Crazy About Federalism

Hurricane Irene is come and gone now, but in her wake, we have some discussion about how the agencies that deal with hurricanes and related problems are federal agencies in the US and how that’s apparently a bad thing in the eyes of some libertarians. Yglesias responds to a libertarian diatribe against the National Weather Service by imagining the alternative:

“Maybe the Gulf Coast states who are most often afflicted by hurricanes would form a consortium to do the monitoring and there would be constant disputes between the members about what constitutes a fair share of the budget to contribute. States further up the northeastern coast that are only rarely afflicted would try to free ride. Hurricanes asides, instead of having a single National Weather Service tracking the weather, maybe we’d have three or four private firms all reproducing each others’ data and selling it to clients. We’d have systematically higher costs and maybe (?) a slightly higher quality product.”

Meanwhile Ta-Nehisi Coates has the goods on Ron Paul’s assertion that the 1900 Galveston hurricane somehow “proves” that FEMA is unnecessary.

Dealing with a threat that can impact several states at once (like natural disasters) seems like a perfectly good role for a federal government. This is why federalized nation states usually designate the military to be a federal responsibility. Military threats impact multiple and indeed all members of any federal unit. Hawaii didn’t have statehood in 1941, but if it did one cannot imagine even Ron Paul saying that Hawaii should just deal with the Empire of Japan without any federal help.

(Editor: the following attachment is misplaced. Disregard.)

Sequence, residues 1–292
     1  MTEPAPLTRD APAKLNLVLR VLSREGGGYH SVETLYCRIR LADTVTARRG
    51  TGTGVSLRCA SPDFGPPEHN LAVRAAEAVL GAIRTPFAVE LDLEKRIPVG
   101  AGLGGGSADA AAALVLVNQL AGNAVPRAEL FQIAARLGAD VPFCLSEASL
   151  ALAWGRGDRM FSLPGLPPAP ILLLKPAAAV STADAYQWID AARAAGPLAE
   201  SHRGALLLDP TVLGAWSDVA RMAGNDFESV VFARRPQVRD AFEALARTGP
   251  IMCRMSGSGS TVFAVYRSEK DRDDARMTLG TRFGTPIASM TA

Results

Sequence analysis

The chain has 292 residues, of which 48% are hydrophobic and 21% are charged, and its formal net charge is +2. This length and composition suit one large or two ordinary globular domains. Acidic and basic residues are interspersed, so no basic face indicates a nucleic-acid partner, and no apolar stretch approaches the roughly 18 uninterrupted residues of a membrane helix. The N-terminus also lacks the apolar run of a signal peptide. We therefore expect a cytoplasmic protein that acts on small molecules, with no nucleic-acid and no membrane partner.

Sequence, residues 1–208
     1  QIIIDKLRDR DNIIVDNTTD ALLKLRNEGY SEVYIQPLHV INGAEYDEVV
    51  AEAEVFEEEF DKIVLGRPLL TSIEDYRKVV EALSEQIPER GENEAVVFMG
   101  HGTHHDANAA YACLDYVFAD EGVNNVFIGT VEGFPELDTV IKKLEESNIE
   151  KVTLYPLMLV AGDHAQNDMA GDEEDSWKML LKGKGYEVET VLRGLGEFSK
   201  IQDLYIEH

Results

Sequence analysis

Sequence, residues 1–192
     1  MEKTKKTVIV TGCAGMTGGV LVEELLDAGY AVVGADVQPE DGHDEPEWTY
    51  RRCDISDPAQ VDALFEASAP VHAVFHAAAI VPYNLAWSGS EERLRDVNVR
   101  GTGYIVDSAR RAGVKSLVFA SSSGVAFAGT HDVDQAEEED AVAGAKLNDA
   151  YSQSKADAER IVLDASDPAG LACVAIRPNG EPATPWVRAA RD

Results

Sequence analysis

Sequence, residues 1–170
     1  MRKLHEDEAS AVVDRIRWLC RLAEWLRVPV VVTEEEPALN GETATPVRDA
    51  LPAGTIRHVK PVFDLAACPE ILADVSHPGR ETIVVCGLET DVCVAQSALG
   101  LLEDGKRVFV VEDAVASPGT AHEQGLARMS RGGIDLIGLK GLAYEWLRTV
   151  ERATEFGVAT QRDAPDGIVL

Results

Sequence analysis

Just because a hurricane or an earthquake doesn’t put on a uniform and pick up a gun doesn’t mean that it isn’t in a similar category of threat as an armed invasion. In both cases it makes sense to pool resources and provide better outcomes for everyone instead of cleaving to abstract arguments about the 10th Amendment. Here’s where that Burkean respect for established institutions, thought they may be flawed, might be of service to American conservatism. It seems insane to dismantle the National Weather Service or FEMA simply because they offend some abstract libertarian argument about state power.